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“Via Bull of the Woods and Williams Lake”

Ranked #41 of 145 things to do in Taos County
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Owner description: Located in the Sangre de Cristo Mountain range, this wilderness area includes Wheeler Peak, which is the highest point in New Mexico at 13,161 feet in height.
Reviewed 22 June 2013

A superb hike especially in June when the wildflowers are in abundance. Hiked on Jun 22 starting from the Bull-of-the-Woods trailhead, elevation just under 9500'. Much of the lower section of the hike is in the woods and follows old roads thus the trail is wide. Once the trail nears La Cal basin you're above timberline with superb views with a single trail track. Snow was still present in places too. Enroute to Wheeler peak you will pass Mount Walter at an elevation of 13,133'. Continuing on the trail I saw two Bighorn Sheep grazing on the slope below. As you near Wheeler you will see a cairn which marks the trail junction with Williams Lake. Mount Wheeler was crowded despite the fierce cool wind. About 20 people were sitting around attempting to hide from the wind while they enjoyed a bite of food. On the return trip I took the Williams Lake route which descends via switchbacks of scree. Footing can be tricky in places so do pay attention. Saw two Marmots on the way down plus plenty of wildflowers. The trailhead for Williams Lake is around 10,250'. Since my car was at the Twinning parking lot next to the Bull-of-the-Mountain trailhead I had to walk about two miles down a dirt road. Total distance was around 14 miles which took 7 hours. The Bull-of-the-Mountain trail route is around 7.5 miles (length varies with the source) while the Williams Lake portion is 4.1 miles. Most people take the Williams Lake trail as its much shorter and starts out at a higher elevation. Trail is steep though once you start the switchbacks above Williams Lake plus much of the trail is nothing more than packed scree. Pavement ends at the Twinning parking lot next to Bull-of-the-Mountain trailhead so anyone heading up to the Williams Lake parking lot will have to drive up a well-maintained dirt road for about 2 miles.

As a side note I would ask visitors to stay on the trails. Not only is it safer but it prevents scarring the landscape. High elevation tundra has a very short growing season thus damage takes several years to repair. I mention this because I happen to witness a dozen University of Alabama students cutting across a large swath of La Cal basin - "pioneering" their own trail in order to avoid the switchbacks of the trail.

2  Thank ABQresident505
This review is the subjective opinion of a TripAdvisor member and not of TripAdvisor LLC
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41 - 45 of 68 reviews

Reviewed 14 May 2013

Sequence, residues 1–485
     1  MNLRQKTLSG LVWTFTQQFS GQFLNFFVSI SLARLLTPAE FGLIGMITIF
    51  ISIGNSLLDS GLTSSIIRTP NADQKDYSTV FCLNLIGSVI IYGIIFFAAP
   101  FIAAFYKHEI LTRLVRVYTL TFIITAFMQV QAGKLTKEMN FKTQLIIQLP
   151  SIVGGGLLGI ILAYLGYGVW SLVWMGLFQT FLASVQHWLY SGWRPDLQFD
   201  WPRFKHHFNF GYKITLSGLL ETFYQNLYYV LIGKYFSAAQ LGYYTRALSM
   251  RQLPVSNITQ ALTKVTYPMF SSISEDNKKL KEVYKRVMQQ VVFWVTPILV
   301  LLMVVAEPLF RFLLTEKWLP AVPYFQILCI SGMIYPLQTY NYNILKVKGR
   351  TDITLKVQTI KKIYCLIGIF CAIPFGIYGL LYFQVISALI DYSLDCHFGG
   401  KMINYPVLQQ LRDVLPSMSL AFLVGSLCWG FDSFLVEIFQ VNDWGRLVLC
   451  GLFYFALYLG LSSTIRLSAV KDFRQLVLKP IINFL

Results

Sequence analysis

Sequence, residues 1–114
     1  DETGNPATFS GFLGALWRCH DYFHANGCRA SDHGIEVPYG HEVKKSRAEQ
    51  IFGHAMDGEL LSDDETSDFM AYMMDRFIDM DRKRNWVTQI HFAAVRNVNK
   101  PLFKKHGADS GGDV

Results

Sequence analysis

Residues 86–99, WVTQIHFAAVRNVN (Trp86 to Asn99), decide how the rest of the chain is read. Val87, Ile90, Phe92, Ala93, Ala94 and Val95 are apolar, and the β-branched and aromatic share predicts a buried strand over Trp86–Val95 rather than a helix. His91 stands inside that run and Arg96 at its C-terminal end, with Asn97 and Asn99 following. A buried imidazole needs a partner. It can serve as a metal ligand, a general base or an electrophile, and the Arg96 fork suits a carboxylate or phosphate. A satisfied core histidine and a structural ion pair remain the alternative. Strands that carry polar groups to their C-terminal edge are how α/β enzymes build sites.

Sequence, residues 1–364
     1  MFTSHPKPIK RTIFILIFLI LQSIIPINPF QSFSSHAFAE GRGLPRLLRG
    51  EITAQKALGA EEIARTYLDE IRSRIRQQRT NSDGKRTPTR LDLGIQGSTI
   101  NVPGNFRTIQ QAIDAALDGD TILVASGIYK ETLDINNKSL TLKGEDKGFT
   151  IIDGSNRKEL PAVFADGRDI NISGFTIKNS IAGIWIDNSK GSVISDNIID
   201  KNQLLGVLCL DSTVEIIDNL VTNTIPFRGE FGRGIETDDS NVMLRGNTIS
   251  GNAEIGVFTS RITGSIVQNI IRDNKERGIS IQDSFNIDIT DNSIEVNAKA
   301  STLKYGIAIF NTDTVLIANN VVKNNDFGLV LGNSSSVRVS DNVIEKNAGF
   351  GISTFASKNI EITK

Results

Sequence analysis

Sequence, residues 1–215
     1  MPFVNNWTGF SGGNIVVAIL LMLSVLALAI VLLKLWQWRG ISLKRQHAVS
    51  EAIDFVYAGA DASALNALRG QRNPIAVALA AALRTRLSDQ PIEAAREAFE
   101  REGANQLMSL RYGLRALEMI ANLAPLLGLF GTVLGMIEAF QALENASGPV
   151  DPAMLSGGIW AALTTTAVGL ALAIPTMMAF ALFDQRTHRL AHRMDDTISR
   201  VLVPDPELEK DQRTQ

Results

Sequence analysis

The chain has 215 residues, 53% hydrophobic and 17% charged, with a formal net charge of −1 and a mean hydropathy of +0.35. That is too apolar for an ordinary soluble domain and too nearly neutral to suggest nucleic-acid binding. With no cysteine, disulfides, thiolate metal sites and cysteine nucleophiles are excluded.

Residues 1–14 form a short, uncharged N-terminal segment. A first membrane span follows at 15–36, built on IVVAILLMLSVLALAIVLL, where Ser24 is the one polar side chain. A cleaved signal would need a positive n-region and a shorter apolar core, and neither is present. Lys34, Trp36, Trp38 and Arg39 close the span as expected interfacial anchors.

Loved the hike to New Mexico's highpoint. There are two routes, and we took the shorter, but steeper, William's Lake Trail, thanks to the good advice of an expert climber who bartends at the Sagebrush Inn. He gave us great advice: Would do this trail again! The view from the top was fabulous!

Thank saphronie
This review is the subjective opinion of a TripAdvisor member and not of TripAdvisor LLC
Reviewed 9 May 2013

A local hiking buddy took me up this trail until the snow become too much (about 3 miles, I'd guess) in early May. It is a nice trail, that follows and crosses the creek (there are numerous creek crossing; we had poles and I'm glad we did. Maybe later in the season the creek is lower. However, there certainly were rocks and logs to step on to cross, but you want to be confident about your footing and have waterproof shoes -- my boots were perfect). The forest has a mix of aspen, white fir, doug fir, scrub maple. We made it past the granite outcroppings and scambled up for a view down the vailey across to some far distant mountains. If you are a confident hiker, I'd recommend this. it was a little early for wildflowers. Well, it snowed on us on the way back. No one else on the trail - ah! Note: There is a $4 / person fee that is charged bgore the trailhead. Watch for the permit sign.

Thank Evan B
This review is the subjective opinion of a TripAdvisor member and not of TripAdvisor LLC
Reviewed 9 March 2013

This is the biggest and the best of the NM rockies. In July, e have gone from the desert clime of the Rio Grande Gorge to still snow covered alpine areas of Wheeler.

3  Thank Sweeniesdad
This review is the subjective opinion of a TripAdvisor member and not of TripAdvisor LLC
Reviewed 18 January 2013

You must make this a must see if in area in October. Unbelievable color. If you are into photography, this is an incredible opportunity to take breathtaking pictures

2  Thank Shermanator118
This review is the subjective opinion of a TripAdvisor member and not of TripAdvisor LLC

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